ATP Oil & Gas Corporation (NASDAQ:ATPG) on Friday filed for Chapter 11 bankruptcy protection, saying that its financial position has been impacted by the stoppage in deep-water drilling for many months following the blowout of the BP Plc well off the Louisiana coast in April 2010.
CEO Paul Bulmahn has blamed the Obama administration for the current state of affairs of the company, saying that the illegal ban enforced on deep-water drilling that had brought the company to its current state of affairs.
“It is all directly attributable to what the government did to us,” he rails. “This Administration has gone out of its way to create problems for my company, the company that I formed from scratch.”
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The Gulf of Mexico oil producer has run up debts worth $3.49 billion against assets of $3.64 billion. It said that it would continue with its operations while it restructured. The company has obtained $618 million as debtor-in-possession financing.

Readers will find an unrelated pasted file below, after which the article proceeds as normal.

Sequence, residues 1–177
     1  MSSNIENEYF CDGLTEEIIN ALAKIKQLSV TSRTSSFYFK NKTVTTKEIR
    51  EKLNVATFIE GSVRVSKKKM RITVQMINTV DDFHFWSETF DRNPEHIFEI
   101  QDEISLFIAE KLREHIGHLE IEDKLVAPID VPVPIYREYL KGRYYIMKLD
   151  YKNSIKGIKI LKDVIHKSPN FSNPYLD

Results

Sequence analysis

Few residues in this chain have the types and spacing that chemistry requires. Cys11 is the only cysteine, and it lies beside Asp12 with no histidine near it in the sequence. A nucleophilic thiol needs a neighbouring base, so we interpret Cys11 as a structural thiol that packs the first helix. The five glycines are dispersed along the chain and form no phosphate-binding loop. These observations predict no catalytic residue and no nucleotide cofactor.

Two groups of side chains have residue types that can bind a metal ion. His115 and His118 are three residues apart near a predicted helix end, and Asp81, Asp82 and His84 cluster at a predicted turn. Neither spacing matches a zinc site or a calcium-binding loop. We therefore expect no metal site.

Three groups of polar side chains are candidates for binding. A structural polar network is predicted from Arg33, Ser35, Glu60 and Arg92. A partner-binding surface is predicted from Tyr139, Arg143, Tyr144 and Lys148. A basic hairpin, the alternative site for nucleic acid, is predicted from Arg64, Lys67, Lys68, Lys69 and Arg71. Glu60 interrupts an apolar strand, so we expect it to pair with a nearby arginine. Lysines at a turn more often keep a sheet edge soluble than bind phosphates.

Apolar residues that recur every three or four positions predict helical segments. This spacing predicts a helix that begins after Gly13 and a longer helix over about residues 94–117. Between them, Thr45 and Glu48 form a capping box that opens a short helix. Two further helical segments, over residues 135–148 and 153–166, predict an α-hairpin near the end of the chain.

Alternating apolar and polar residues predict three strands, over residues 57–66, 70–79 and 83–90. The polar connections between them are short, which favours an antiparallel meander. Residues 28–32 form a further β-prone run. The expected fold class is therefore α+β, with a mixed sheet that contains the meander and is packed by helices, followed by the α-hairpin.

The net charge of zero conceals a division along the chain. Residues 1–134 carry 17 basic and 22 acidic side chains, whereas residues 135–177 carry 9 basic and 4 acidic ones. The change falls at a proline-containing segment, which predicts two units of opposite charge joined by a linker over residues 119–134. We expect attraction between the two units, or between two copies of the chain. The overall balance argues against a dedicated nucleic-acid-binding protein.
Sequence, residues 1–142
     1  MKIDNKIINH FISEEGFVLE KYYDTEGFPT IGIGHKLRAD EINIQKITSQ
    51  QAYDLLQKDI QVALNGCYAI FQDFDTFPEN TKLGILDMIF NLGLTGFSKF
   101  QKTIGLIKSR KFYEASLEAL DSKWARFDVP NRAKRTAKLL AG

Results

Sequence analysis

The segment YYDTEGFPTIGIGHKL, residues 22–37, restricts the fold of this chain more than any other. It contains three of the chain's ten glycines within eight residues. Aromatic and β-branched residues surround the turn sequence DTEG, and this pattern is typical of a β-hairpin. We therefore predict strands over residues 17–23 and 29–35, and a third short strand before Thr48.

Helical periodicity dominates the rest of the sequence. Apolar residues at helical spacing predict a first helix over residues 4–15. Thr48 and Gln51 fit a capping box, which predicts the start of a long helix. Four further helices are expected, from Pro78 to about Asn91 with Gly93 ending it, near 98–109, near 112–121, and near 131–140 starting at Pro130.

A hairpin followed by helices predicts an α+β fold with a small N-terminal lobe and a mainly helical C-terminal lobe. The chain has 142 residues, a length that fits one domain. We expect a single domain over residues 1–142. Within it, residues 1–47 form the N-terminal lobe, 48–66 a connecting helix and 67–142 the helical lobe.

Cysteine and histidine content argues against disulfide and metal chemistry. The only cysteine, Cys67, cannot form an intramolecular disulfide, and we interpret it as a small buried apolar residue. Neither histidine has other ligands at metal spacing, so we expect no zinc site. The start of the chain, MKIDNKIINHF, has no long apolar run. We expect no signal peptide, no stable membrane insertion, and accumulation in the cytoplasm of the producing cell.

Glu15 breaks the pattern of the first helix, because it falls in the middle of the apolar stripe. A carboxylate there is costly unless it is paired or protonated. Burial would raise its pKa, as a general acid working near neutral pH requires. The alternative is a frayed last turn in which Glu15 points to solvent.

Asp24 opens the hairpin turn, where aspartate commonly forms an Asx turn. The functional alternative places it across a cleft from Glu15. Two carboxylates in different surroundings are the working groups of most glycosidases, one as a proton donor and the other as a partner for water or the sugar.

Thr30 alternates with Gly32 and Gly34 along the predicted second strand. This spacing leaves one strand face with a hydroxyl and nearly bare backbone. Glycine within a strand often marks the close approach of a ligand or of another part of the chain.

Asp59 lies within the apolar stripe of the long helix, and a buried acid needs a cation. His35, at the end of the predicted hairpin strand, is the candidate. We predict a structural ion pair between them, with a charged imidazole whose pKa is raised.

The company said that the bankruptcy filing had been done with the purpose of undertaking a comprehensive financial restructuring.
ATP was not the only company to be affected by BP's blowout in the Gulf of Mexico region, but the impact on the company was greater because it is a smaller company than the others. It also had the disadvantage of having most of its operation concentrated in that region.
The development plans of the company and consequently its cash flows had been adversely affected by the U.S. moratorium which had stopped all drilling activities in the region for a long time, it said.
After the company had spent more than a billion dollars in setting up the required infrastructure for drilling in the region the U.S. government blocked its drilling plans and bring online six wells in 2010 and 2011 and that had affected its ability to repay the debts it had run up.
Last week, The WSJ’s sources said that the company may file for bankruptcy protection in near future
Shares in ATPG were trading at 46 cents last week.